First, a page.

Looking to expand shale-based oil production outside of its home country of France, where the controversial process of hydraulic fracturing drilling is banned, Total SA (ADR) (NYSE:TOT) (EPA:FP) announced it was purchasing a 40% stake in two U.K. oil exploration areas. Total’s partner IGAS Energy PLC (LON:IGAS) (OTCMKTS:IGESF), which holds 14.5% of the permits to explore in the area, will be the operator of the exploration project.

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Total’s fracking business

The $47 million payments for exploration rights to Dart Energy Ltd (ASX:DTE) (OTCMKTS:DEGEF) make Paris-based Total SA (ADR) (NYSE:TOT) (EPA:FP) the largest oil company to enter the U.K. fracking business, according to a report by Bloomberg. Total’s stock price fell by just over 1% on the news, while Dart climbed 18%.

The move by Total SA (ADR) (NYSE:TOT) (EPA:FP), the largest oil producer to date to enter this market, makes clear a decision to more aggressively move into markets outside France. The Total deal is the second largest shale deal in the U.K. by a French company, following a deal by GDF Suez SA (ADR) (OTCMKTS:GDFZY) (EPA:GSZ) in October to buy a stake in 13 licenses In the U.K.s Bowland Basin from Australia-based Dart.  In addition to the U.K., Total is involved in several U.S.-based shale projects, as well as projects in Australia, China, Denmark and Poland.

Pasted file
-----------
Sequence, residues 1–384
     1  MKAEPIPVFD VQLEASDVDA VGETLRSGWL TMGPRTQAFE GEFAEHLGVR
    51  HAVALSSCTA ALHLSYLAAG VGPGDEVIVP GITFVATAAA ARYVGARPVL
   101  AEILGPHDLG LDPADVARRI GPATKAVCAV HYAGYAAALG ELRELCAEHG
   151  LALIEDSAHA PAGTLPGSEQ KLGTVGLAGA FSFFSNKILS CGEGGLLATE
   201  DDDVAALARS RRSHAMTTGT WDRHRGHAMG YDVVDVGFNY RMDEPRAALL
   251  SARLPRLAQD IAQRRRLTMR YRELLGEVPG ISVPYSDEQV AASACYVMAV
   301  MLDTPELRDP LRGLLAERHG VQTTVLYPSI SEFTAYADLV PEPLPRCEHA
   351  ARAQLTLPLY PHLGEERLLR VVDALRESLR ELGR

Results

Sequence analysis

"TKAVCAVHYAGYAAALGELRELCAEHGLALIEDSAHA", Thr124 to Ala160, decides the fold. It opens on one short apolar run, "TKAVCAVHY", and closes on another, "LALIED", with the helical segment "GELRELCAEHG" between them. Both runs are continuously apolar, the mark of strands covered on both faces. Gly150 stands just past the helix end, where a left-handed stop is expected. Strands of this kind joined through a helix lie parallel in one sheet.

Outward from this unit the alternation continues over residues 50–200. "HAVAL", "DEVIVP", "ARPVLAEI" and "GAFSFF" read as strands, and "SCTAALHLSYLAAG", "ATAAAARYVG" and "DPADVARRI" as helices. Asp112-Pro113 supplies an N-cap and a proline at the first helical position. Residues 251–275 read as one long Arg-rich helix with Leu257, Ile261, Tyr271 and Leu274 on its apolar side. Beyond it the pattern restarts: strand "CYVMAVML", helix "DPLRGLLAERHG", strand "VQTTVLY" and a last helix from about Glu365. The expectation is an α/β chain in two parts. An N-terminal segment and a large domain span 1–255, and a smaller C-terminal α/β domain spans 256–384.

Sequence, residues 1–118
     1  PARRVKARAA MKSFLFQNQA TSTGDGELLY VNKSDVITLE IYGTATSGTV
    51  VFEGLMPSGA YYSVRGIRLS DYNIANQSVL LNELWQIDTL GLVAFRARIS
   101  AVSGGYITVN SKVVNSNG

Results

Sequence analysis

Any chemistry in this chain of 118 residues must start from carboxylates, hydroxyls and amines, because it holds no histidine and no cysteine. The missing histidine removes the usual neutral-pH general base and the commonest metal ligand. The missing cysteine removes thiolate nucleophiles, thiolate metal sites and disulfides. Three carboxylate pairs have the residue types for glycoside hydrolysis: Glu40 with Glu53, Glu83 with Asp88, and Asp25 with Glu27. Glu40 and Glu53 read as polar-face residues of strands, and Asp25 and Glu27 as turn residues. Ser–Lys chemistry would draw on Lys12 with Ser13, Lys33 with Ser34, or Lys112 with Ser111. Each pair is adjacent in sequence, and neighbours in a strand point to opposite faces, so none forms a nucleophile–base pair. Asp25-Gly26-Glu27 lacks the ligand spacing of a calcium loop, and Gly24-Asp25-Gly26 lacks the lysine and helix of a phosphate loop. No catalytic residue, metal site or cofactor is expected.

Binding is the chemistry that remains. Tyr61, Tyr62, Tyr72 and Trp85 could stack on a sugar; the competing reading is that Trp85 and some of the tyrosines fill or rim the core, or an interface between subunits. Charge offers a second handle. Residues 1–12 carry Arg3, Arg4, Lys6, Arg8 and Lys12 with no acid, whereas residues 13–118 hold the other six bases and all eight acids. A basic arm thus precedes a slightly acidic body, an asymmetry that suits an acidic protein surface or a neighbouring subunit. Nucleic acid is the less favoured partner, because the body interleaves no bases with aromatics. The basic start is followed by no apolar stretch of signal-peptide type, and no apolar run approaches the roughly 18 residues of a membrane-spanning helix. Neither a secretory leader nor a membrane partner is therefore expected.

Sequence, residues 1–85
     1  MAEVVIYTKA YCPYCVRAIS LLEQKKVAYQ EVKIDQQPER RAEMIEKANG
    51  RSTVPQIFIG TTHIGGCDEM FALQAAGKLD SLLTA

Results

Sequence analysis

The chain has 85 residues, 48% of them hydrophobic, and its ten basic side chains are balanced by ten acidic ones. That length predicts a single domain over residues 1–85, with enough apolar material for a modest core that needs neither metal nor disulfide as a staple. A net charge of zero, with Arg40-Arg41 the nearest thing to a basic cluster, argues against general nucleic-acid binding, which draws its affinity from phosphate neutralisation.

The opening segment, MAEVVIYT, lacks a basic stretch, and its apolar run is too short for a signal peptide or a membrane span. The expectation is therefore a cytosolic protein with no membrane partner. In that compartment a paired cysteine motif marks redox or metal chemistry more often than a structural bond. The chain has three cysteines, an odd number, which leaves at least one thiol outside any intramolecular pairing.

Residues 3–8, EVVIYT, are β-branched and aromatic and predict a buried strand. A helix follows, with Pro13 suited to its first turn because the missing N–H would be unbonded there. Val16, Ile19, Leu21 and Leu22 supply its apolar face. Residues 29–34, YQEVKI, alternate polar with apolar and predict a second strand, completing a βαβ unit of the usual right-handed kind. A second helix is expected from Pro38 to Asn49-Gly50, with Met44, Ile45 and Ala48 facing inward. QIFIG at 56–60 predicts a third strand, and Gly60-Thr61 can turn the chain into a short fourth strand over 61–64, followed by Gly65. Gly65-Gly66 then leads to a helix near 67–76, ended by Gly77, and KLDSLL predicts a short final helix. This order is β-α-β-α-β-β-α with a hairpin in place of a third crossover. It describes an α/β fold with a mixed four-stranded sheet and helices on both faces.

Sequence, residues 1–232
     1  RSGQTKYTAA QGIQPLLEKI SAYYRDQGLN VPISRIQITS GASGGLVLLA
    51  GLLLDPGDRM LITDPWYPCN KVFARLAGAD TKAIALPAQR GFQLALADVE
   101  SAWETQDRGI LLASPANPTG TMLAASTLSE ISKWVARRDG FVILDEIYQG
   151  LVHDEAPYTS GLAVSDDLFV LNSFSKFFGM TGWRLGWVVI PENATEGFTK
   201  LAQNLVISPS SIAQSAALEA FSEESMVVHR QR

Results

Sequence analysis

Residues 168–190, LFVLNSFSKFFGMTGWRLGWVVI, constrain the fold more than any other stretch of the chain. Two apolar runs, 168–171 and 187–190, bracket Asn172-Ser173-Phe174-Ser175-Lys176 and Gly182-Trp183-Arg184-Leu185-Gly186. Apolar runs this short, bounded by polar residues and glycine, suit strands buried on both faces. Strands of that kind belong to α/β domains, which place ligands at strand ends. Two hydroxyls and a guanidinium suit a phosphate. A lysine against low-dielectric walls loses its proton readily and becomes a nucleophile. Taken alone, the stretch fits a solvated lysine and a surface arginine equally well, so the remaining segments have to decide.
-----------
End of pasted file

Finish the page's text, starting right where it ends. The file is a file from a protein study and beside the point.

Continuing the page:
Hydraulic fracturing drilling, or “fracking,” technology is changing the face of modern energy production. The technology works by fracturing rock using a pressurized liquid to access oil and gas in previously difficult to access drilling areas.

Changing shift in energy production

While the technology is controversial – environmentalists blame the technique for tainting well water and even causing a rise in earthquakes – it represents a game-changing shift in energy production. The US, for instance, recently passed Russia as the largest natural gas producer in 2009 because of the rpaid growth of fracking projects. There are one million US jobs tied to fracking and 2.5 million jobs worldwide tied to the practice, according to George King in his 2012 paper on Hydraulic Fracturing, put out by the Society of Petroleum Engineers.  The technology has been a boon for local economies as well, prompting certain sovereign governments to provide incentives for exploration. Bloomberg reports that Prime Minister David Cameron has pledged millions of pounds to local government to encourage such investments. The UK government has also pledged tax cuts to spur exploration. In the U.K., the Bowland area is particularly strategic, as the British Geographical Survey says it may hold up to 1,300 trillion cubic fee of natural gas – enough to meet U.K. demand for almost 50 years.